We utilized a genomic analysis of the response of neuronal GT1-7 cells to enterostatin to identify pathways responsive to this peptide. This information, together with reported properties of the enterostatin receptor, suggested that enterostatin may have an effect on angiogenesis.Method:
To investigate this hypothesis, we studied the effect of enterostatin as an antiangiogenic agent in two angiogenic tissue culture model systems.Results:
Enterostatin induced a 50% or greater inhibition in the angiogenic response of human fat cells and had a U-shaped bimodal dose-response effect in inhibiting angiogenesis in a human placental vein angiogenesis model. To further understand this response, we tested enterostatin's effect in a human hepatoma cell line (HepG2 cells) that was subjected to glucose deprivation, a condition known to induce angiogenesis in other tumor cell lines. Phosphorylated AMP kinase (pAMPK) levels and vascular endothelial growth factor A (VEGF-A) mRNA expression were elevated robustly after incubation of HepG2 cells in the absence of glucose for 4 h, but 15 min incubation with enterostatin dramatically inhibited this pAMPK activation and reduced VEGF-A gene expression after 1 h incubation with enterostatin. The AMPK activator 5-aminoimidazole-4-carboximide ribonucleoside (AICAR) induced VEGF-A expression.Summary:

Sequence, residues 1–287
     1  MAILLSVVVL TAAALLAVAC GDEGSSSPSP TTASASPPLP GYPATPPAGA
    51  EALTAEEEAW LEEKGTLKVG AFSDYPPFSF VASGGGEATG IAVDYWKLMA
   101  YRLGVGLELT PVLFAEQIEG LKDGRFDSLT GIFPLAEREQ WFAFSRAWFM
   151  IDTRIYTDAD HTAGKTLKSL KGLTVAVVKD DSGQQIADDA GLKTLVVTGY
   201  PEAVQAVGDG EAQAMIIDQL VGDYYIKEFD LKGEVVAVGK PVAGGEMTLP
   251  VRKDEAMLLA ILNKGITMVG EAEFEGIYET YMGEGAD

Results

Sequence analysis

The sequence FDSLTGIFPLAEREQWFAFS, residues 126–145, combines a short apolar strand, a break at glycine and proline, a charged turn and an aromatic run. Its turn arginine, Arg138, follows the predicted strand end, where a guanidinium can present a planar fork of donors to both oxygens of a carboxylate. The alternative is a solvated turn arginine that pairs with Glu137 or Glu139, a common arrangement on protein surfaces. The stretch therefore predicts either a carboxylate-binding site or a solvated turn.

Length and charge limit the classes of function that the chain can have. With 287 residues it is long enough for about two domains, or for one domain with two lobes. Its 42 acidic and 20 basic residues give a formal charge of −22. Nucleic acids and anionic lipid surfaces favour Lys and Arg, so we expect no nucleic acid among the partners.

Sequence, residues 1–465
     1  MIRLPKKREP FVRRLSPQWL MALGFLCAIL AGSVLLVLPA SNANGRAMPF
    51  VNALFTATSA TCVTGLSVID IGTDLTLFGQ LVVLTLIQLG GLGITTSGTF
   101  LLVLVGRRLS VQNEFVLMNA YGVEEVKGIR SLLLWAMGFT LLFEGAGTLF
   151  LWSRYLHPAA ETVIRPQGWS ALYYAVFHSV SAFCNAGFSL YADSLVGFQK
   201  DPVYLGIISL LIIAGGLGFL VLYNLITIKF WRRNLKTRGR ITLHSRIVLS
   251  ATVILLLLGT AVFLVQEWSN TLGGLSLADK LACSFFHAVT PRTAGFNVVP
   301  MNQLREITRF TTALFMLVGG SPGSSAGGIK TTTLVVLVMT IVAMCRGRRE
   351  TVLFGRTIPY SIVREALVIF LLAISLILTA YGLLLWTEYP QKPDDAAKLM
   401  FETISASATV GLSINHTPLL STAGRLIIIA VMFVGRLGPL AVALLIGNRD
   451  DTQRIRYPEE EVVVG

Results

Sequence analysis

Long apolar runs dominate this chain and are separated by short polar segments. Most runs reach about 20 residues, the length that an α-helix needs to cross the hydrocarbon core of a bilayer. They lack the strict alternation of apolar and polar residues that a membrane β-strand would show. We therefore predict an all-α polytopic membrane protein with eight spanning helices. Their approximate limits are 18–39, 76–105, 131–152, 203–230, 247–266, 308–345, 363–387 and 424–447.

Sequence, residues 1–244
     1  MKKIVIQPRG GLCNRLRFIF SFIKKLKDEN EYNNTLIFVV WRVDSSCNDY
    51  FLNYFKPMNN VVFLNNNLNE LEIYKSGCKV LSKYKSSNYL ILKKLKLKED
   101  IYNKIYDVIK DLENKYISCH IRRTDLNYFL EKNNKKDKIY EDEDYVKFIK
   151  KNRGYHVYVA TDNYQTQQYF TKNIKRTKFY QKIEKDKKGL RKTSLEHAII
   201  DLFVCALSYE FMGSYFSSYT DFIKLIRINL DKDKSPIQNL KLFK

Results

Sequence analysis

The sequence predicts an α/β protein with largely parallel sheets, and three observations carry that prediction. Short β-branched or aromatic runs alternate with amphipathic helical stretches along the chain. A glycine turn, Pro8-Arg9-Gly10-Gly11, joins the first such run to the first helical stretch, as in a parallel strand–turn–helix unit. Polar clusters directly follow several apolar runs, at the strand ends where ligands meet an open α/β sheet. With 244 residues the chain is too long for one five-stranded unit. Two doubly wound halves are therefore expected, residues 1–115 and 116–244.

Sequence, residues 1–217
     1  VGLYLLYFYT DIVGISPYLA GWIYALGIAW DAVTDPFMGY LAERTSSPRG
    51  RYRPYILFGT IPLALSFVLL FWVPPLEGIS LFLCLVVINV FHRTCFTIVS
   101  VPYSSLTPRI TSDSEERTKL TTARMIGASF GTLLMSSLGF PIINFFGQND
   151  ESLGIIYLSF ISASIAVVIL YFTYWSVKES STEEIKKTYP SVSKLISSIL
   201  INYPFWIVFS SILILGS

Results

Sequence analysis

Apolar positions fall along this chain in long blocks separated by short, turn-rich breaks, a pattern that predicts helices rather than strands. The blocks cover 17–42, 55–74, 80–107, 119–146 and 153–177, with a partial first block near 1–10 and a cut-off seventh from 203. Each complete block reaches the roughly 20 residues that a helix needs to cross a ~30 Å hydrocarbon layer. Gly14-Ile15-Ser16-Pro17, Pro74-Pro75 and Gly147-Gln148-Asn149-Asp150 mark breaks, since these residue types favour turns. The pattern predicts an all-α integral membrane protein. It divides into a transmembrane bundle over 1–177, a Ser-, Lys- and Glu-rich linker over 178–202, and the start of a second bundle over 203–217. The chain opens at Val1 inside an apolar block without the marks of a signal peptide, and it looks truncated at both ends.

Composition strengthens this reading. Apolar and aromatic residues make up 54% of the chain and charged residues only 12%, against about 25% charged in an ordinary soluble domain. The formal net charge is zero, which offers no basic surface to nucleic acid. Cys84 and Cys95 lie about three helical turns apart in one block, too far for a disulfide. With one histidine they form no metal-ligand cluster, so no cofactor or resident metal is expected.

These data suggest that enterostatin has an antiangiogenic effect and suggest that it regulates VEGF-A gene expression through inhibition of AMPK activity.